One thing I’m looking forward to over the next few months is finishing work.
I feel guilty saying that. I really love my job - I feel like it’s important and rewarding and intellectually stimulating, and therefore it gives me lots of satisfaction. And my job at my current school is really great - it’s a lovely school, with lovely kids, and very smooth systems.
But it has been exhausting this year. No school in Christchurch has been exempt from post-quake disturbances. Even a state school with a ‘good reputation’ that parents all across Christchurch are clamouring to get their children into cannot escape the disruption and upheaval; last year, for the second year in a row, we had a CAPNA. And then this year there needed to be further budget cuts. So, Assistant HODs, such as myself, were no longer teaching 4 classes, but 4 and a half. Fortunately, I’m sharing a lovely, top-stream senior class with a fabulous colleague. Having said that, an increase in workload is still an increase in workload. So my colleague and I had to decide how to split our time teaching this class, and we agreed to do it term by term (which is much less disruptive and disjointed for the students than taking 2 periods each a week). I decided to begin the class off for the year - so I took them on for Term 1 (a 12 week term this year).
And then, exactly 3 weeks into the term I discovered I was pregnant. A week later, the horrible morning sickness kicked in. I felt so incredibly sick all day (especially in the mornings and evenings), every day, for well over 6 loooong weeks. But even if I hadn’t felt like vomiting all day, I think I still would have found the jump back up to teaching five classes really, really hard. I had not taught five classes for over three years and, to be honest, I forgot how bloody hard it is. Five classes meant I had 20 hours of ‘contact time’ a week. And then there’s all the planning and marking and report-writing for 5 classes, and formtime and meetings and duty and extra-curricula activities that make up way more than 20 hours a week and aren't counted as ‘contact time’. Five classes is just so many. Too many. I don’t think any teacher should be on such a huge workload, whether they are unit-holders or not. Four classes/16 hours ‘contact time’ a week should be the norm for all non-unit holding teachers, I say.
I felt pretty guilty about how sub-par I was being as a teacher, yet I still kinda had to put myself first. I regularly ate in class (which my students now think was a wise decision - they’d rather their teacher eat in front of them than spew in front of them). I was exhausted and often made students come to me at my desk, instead of wandering around the classroom and checking on who might need help. I didn’t set my extension class enough homework. I didn’t make my Year 13s re-write their really crappy essays, when I really should have. I even forgot to turn up to class one day - I’ve never done that before. Fortunately, I walked past my classroom 10 minutes into the period and saw my class, as was all “OH ****!!” inside my head, but then nonchalantly apologised for being so late and began the lesson - not a good look when you just lectured the class on being on time the day before.
Anyway, I survived that first term, somehow (I haven’t even talked about the horrendous anxiety I felt the whole first trimester, but that probably goes without saying), and so did my students. And term two was…better…? Mostly. It began well - I was back down to 4 classes (Yahoo! Though I had to catch up on a huge pile of admin stuff I didn’t do in Term One), and I felt like I had energy to do my job (no more sickness, yay). By the time I told my students,many of them had guessed, and 99% of those who guessed had not let on that they suspected, which I really appreciate. And now my students are super-cute about opening doors and picking things up for me and offering to push the sets of laptops around. Whoever said teenagers aren’t thoughtful and don’t have manners? They are all so much more polite than the goober teacher who asked me, “Was it planned?”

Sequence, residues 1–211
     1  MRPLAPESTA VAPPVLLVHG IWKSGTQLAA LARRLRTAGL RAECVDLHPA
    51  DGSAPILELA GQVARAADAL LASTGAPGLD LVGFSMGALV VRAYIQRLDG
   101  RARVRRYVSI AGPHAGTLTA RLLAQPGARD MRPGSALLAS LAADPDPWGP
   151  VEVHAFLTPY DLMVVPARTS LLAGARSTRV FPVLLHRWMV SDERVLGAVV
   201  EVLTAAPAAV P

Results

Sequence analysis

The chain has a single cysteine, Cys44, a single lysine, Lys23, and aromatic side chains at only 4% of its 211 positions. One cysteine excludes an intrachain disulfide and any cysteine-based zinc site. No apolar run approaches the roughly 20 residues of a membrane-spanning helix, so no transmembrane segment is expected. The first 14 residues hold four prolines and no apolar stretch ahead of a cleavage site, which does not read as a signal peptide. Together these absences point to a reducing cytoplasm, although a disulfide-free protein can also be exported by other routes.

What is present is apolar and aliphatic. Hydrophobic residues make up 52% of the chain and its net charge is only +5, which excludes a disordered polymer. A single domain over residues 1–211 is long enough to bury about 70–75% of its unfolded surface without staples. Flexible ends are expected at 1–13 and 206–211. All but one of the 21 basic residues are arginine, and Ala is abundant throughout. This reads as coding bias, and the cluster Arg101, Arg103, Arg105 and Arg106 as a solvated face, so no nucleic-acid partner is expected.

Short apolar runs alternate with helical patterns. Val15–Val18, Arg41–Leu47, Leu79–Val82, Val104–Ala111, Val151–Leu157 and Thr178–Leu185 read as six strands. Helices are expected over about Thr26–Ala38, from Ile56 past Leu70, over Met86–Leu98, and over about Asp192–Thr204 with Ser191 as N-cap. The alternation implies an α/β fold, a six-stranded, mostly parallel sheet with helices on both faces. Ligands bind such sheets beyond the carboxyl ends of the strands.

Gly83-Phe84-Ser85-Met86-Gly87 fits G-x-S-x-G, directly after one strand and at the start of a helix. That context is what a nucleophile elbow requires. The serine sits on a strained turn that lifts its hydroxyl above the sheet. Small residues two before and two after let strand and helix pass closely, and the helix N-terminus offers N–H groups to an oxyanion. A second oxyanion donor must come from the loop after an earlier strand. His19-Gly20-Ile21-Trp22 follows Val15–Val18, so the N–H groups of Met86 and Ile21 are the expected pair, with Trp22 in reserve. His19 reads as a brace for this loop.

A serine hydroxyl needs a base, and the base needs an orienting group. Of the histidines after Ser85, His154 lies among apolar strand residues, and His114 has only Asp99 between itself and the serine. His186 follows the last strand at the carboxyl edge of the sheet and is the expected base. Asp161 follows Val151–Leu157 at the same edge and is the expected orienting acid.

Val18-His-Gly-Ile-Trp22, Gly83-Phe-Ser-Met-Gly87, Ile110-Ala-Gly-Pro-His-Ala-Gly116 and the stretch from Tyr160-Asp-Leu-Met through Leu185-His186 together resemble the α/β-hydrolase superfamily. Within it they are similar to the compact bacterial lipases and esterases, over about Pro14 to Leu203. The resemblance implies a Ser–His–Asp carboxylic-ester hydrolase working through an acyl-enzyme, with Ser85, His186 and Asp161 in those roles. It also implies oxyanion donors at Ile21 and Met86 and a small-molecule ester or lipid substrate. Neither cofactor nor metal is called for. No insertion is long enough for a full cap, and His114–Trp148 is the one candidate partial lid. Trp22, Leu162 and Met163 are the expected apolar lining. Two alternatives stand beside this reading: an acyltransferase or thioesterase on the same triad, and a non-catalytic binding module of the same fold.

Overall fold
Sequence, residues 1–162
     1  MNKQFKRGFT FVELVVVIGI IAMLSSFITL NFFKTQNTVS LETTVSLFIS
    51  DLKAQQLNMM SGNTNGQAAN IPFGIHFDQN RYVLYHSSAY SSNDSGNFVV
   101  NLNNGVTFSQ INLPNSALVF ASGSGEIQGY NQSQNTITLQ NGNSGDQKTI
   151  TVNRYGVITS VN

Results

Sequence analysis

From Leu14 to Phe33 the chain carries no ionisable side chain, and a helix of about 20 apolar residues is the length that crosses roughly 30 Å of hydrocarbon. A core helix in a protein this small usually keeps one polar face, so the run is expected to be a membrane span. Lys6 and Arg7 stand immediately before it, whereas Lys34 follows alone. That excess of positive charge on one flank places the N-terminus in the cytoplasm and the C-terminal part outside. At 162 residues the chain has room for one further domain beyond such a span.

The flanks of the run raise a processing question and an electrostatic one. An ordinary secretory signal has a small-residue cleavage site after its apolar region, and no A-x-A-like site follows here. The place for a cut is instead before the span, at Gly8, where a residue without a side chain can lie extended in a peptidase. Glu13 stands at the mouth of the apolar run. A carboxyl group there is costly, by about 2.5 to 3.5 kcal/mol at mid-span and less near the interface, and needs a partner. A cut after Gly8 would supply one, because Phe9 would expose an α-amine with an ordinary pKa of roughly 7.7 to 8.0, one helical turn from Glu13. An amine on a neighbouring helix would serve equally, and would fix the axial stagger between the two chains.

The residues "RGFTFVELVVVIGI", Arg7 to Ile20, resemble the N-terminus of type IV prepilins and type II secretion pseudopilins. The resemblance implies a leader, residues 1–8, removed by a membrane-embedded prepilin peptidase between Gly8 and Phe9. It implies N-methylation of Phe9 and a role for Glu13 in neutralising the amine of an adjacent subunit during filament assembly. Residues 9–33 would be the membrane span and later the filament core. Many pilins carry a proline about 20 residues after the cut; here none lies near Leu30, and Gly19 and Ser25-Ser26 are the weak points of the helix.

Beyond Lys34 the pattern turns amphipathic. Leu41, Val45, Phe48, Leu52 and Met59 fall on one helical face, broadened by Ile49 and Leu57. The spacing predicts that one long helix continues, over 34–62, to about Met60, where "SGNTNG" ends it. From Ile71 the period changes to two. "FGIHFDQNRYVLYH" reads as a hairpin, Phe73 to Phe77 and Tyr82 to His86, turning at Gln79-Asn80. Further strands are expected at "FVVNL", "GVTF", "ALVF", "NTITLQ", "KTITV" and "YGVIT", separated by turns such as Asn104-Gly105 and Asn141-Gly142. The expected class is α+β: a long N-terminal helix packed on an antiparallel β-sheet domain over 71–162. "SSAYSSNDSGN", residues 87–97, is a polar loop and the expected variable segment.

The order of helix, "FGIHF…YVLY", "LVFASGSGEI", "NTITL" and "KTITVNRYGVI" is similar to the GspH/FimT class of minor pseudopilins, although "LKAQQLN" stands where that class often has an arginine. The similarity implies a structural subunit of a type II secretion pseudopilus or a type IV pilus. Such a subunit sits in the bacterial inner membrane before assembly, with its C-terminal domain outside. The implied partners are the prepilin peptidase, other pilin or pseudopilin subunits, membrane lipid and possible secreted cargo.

But now that I am getting further and further into the second trimester, I must admit that I am getting more and more exhausted again. Term Two is always a biggie - so many assessments! (So much stress and agro amongst the teachers, and sometimes parents too! Ugh!) And whilst I don’t feel super huge yet, I am slowing down - I had to leave the staffroom with a good 6 minutes spare to ensure I get to my classroom without rushing and pulling a ligament/slipping on ice. By each Wednesday I felt like the week should be at a close. Sleep has begun to evade me - terrible dreams + sore hips + foetus kicking my insides (+ horrible noisy road works) = very little quality sleep, even though I go to bed at 8:30pm at the latest and don’t get up until 6:45am. So the end of this second term was rather challenging, and I am a little alarmed at how thing will go next term; no doubt ERO will come see me period 5 and observe a forgetful, overly-tired zombie attempting to engage a bunch of Year 10 students in an English classroom.
So, for the sake of my health (physical, mental and emotional), I look forward to finishing work. And I am REALLY looking forward to not spending 8 hours of my weekend doing school work.
But I am nervous about finishing work too - what will it be like, after 9 years in an all-consuming job in which I interact with well over a hundred people every day, to suddenly be at home with a single, tiny human being who can’t talk (initially) and will rely on me for the basic necessities of life?!? It is a truly freaky prospect. And then I think about returning to work in 2015 and having to teach AND parent…
Never mind. I’ll deal with that later. Only 7 weeks of school to go!